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Author: TMFBigFrog Big red star, 1000 posts Old School Fool Home Fool CAPS All Star Add to my Favorite Fools Ignore this person (you won't see their posts anymore) Number: of 3179  
Subject: Re: now 'n later Date: 7/4/2007 1:34 AM
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Can anyone provide a reason why a new investor wouldn't wait until at least the NDA is filed, if not wait into Q1 '08 before putting cash into this opportunity?

The market is faster than we are. News is generally priced so quickly into a company's stock that we mere mortal individual investors will rarely (if ever) be able to achieve excess profits from investing in line with the headlines. As a result, an investor's primary options are:

#1) Anticipate the likely headlines and invest before they break.
#2) Determine where the market overreacted one way or the other in response to a headline, and invest to take advantage of that overreaction.
#3) Ignore the news all together and either index or invest based on pure fundamental and business analysis.

Clearly Acusphere does not qualify as a decent investment under #3 at the present time. The company is hemorrhaging cash, is trading above what its book value would be if it just threw in the towel and gave up, and has essentially no real revenue.

That would mean that the argument for investing is largely based on #1 and #2.

Let's address #2 first. Short term, the expensive financing, executive defections, and failure of Imagify to be a "brainless slam-dunk" approvable compound by the FDA have been a trifecta of bad news. No sane CFO would have voluntarily left this close to the Big Pay Day of Imagify's approval. Which likely means one of two things is true:
a) The ex-CFO was pushed out the door for something like either poor cash management or poor management of the company's most recent round of financing. The code phrase "pursue other interests" in the press release ( http://biz.yahoo.com/bw/070625/20070625005431.html?.v=1 ) is often, but not always, code for "we don't want you around any more, please leave."
b) The ex-CFO had enough information from being plugged into the company and its approval efforts to believe that Imagify would not be approved and wanted to be the first rat to flee the sinking ship.

I don't have enough data to know which (if either) of the two scenarios is true. Given Acusphere's stock market performance since the CFO resignation announcement, you could conceiveably make a case that the market is starting to anticipate "b". Which means that if "a" is the truth, the news isn't as bad as the market projected. That would give investors who bought subsequent to the resignation news the potential opportunity to profit from a relief rally.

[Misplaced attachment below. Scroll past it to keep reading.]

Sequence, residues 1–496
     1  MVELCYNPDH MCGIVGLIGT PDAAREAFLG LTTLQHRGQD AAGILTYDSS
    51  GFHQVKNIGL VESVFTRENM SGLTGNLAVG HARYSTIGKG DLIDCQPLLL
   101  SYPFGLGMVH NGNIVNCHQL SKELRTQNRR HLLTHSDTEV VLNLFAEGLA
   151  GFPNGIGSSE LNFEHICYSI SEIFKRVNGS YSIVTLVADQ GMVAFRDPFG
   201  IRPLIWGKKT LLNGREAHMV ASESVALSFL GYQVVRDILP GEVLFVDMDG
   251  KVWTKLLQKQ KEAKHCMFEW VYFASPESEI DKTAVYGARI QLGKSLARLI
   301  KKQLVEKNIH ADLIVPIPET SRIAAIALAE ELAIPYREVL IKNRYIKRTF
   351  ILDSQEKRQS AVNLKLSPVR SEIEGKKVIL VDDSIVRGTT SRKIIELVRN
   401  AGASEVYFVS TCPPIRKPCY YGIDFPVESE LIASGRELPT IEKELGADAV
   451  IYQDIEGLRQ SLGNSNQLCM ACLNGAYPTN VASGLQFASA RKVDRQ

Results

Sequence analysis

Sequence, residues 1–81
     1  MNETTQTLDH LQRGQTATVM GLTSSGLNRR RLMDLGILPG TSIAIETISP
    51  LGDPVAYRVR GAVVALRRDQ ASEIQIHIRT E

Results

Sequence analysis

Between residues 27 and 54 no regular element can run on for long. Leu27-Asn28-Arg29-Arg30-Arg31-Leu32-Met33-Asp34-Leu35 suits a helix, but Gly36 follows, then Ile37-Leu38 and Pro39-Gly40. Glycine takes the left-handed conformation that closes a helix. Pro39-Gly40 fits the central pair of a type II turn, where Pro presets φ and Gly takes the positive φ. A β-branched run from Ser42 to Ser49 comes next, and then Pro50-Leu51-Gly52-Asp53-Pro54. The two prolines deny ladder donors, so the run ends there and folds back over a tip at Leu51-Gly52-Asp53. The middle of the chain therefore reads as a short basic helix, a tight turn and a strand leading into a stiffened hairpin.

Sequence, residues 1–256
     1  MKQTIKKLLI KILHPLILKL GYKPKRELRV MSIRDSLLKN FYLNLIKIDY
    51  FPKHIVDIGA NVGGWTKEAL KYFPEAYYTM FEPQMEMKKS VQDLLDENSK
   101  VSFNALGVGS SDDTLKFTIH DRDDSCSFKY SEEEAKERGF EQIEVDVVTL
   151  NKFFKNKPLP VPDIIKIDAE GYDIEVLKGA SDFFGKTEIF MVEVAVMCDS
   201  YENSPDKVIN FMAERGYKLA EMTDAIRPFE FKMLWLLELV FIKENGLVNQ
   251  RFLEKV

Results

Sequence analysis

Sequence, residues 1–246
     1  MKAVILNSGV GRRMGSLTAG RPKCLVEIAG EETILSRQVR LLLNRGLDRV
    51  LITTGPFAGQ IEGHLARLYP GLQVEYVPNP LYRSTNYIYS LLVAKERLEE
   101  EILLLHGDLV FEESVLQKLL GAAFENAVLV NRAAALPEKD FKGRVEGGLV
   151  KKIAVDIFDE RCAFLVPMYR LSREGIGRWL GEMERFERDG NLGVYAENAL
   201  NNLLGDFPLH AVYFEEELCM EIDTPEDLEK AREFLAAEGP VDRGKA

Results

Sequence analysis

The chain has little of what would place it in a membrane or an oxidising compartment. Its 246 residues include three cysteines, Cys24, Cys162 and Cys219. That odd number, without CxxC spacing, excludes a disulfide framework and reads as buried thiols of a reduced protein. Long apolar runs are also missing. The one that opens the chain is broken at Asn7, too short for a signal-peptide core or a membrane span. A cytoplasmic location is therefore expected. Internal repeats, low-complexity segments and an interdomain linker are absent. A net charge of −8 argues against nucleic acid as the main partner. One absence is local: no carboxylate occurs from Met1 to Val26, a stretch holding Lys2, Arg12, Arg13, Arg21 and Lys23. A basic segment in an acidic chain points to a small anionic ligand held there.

Of course, that relief rally is really only does anyone any good if there's a positive headline (#1 from the list above) out there waiting to be written. The headline that says "Imagify Approved." From what I've seen, it has the potential to be a blockbuster compound, if it's approved for use in the U.S. The wild card, aside from any testing results that may come up surprisingly bad, is the FDA -- which has been hyper-cautious about approving new treatments in a post Vioxx world.

Unlike a Pfizer or a Merck, which have stong revenues from existing products and can survive something like the loss of Vioxx or the failure of a clinical trial, Acusphere has almost no revenue to fall back on, should Imagify bite the dust. About the only rational reasons I can see to own shares in the company is a belief that either:
I) Imagify will be approved, or
II) The company's intellectual capital is worth at least the premium over its book value less anticipated burn that the market is valuing it at today if Imagify not approved.

Frankly, as an investor in Acusphere, I'm very much hoping for Imagify to be approved -- but I certainly can't predict the FDA. If it is approved, then that's wonderful. If it's not approved, I very much doubt the market would react favorably, and I wouldn't count on anything near the current price in a salvage sale. While I am an Acusphere shareholder, it's really only a small fraction of our overall portfolio -- somewhere in the magnitude of 0.5%-1%. I'm willing to take a calculated speculation -- especially when there's at least some positive data to back it up -- but I'm not willing bet the farm on one.

And that, my friend, is exactly what an investment in Acusphere is right now -- a calculated speculation that there will be a headline that reads "Imagify Approved." If that headline gets written, the market will very likely react to it far more quickly than you can. Of course, if that headline never does get written, or if the opposite headline is written, it could go all the way to $0. Such is the nature of investing in small companies with little more than research to their names.

Best regards,
-Chuck

Disclosure: At the time I wrote this, I owned shares of Acusphere and Merck.
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